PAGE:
We expect a legitimate service provider to secure adequate bandwidth and storage capacity and take reasonable precautions, such as implementing spam filters, as part of its normal operations….network slowdowns, server crashes, increased bandwidth usage, and hardware and software upgrades bear no inherent relationship to spam or spamming practices. On the contrary, we expect these issues to arise as a matter of course and for legitimate reasons as technology, online media, and Internet services continue to advance and develop. Therefore, evidence of what could be routine business concerns and operating costs is not alone sufficient to unlock the treasure trove of the CAN-SPAM Act’s statutory damages.
Reading these quotes, it seems like the court is trying to zero out the fixed costs borne by anyone connected to the Internet, which would then focus the analysis on only those marginal/variable consequences attributable to a specific spam campaign. However, the court does not want to raise the bar that high, at least not for “legitimate” service providers (which the court thinks clearly excludes Gordon). As the court says:
the threshold of standing should not pose a high bar for the legitimate service operations contemplated by Congress. In some civil actions—where, for example, well-recognized ISPs or plainly legitimate Internet access service providers file suit—adequate harm might be presumed because any reasonable person would agree that such entities dedicate considerable resources to and incur significant financial costs in dealing with spam.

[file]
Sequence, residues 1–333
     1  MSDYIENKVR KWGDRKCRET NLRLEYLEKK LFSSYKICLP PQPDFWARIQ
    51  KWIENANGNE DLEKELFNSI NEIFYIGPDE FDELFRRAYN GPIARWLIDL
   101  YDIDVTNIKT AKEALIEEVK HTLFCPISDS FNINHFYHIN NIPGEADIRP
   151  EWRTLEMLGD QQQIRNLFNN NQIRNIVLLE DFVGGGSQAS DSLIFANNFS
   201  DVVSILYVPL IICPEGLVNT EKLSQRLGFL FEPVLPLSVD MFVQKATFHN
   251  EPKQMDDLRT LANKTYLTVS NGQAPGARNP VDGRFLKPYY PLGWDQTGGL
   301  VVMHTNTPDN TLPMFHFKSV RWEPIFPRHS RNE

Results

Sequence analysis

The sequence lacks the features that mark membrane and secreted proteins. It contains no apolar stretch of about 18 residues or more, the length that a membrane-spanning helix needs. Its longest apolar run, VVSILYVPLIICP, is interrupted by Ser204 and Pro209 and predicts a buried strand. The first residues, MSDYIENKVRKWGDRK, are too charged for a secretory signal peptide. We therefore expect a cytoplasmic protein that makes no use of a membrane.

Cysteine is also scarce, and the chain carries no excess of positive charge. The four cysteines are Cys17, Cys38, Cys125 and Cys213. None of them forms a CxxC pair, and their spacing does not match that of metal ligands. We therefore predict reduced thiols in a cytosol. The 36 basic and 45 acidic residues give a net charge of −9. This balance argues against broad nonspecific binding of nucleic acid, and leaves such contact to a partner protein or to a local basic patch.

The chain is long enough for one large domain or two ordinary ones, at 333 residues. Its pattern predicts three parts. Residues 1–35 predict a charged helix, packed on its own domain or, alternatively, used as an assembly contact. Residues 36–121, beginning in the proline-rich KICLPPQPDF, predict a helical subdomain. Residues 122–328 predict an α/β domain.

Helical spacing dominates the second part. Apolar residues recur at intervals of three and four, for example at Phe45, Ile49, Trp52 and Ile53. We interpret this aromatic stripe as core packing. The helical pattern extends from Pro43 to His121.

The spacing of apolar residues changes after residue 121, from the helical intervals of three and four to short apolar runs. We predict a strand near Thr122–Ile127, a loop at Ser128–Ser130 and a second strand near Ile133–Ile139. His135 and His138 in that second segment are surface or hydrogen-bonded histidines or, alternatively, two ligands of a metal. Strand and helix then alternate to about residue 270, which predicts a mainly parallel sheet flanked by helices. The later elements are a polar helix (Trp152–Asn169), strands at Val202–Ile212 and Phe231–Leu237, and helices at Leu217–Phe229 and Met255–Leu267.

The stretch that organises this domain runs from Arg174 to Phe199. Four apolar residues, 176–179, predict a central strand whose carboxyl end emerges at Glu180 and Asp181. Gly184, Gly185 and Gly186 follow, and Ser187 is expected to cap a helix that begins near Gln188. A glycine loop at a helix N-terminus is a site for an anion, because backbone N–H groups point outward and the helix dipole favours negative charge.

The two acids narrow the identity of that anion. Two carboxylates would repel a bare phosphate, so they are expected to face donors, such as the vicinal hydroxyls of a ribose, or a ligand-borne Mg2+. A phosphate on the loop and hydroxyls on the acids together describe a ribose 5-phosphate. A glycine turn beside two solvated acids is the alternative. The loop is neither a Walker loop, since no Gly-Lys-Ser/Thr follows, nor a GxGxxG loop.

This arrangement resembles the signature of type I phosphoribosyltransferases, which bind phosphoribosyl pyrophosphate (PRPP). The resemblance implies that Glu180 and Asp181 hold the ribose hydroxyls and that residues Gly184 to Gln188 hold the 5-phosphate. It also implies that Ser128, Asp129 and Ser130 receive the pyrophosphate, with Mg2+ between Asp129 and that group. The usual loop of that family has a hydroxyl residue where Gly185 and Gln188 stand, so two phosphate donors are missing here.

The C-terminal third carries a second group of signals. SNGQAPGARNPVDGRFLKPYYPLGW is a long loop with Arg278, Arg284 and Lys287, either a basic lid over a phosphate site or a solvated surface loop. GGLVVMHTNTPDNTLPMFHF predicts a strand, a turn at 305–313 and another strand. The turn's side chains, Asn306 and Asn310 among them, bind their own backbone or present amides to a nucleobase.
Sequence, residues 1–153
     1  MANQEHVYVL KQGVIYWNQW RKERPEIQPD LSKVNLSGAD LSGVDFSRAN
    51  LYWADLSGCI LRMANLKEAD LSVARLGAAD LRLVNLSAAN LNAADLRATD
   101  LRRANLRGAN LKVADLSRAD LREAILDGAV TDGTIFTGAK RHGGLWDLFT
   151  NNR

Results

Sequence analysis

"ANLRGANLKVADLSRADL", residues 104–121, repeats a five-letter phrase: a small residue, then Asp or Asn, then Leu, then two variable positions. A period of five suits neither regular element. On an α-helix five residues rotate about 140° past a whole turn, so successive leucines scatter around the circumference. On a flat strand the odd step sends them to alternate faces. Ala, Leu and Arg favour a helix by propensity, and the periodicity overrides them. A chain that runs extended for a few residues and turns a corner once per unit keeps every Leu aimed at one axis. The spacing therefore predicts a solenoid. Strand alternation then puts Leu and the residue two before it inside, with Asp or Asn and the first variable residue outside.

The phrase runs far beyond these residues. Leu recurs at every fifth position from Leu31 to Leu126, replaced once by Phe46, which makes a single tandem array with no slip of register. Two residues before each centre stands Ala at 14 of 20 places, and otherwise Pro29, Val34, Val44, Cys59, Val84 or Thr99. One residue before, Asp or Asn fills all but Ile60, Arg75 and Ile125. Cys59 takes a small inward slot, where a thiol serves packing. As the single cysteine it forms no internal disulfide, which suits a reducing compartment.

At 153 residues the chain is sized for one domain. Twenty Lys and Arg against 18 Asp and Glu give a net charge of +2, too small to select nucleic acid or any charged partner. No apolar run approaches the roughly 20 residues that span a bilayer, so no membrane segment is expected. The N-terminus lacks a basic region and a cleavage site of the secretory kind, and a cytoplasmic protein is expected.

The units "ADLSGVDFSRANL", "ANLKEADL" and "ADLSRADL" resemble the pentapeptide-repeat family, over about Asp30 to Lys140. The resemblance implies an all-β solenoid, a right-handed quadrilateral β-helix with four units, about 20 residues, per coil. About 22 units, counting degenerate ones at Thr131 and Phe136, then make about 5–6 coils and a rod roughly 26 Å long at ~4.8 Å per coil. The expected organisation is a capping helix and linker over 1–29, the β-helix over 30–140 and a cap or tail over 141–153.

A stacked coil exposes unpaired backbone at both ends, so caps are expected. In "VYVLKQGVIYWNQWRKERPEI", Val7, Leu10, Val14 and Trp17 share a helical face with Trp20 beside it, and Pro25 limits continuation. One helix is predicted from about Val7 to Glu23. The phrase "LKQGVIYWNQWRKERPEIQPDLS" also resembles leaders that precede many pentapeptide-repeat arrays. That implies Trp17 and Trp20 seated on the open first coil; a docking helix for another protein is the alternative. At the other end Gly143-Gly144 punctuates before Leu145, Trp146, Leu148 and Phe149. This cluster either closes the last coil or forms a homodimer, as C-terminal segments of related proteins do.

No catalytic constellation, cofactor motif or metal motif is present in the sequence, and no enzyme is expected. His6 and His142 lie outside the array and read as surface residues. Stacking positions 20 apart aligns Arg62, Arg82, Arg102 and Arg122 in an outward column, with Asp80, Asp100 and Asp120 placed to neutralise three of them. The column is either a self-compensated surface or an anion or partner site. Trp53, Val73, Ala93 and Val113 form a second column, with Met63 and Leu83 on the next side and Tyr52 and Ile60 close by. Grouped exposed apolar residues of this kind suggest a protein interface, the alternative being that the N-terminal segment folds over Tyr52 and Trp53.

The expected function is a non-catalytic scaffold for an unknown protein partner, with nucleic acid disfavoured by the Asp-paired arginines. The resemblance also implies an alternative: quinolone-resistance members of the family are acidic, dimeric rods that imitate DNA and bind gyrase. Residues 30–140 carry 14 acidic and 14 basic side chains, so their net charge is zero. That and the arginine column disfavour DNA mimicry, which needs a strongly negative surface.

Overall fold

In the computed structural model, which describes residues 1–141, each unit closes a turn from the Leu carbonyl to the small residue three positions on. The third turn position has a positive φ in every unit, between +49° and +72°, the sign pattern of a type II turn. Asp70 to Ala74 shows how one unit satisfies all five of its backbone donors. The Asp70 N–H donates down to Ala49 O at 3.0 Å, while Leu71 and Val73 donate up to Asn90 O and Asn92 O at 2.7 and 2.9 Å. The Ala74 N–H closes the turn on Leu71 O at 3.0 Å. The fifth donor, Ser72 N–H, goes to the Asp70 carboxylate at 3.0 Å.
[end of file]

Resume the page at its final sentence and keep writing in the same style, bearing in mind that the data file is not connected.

So I’m not quite sure what to make of this language. On the one hand, the court’s acknowledgement that complex societies impose some unwanted but unavoidable costs seems to raise the harm bar pretty high for CAN-SPAM plaintiffs. On the other hand, the court is willing to presume harm for “good” plaintiffs. So why won’t the court make such presumptions for Gordon? Mostly because he “came to the nuisance” (my words, not the court). As the court says: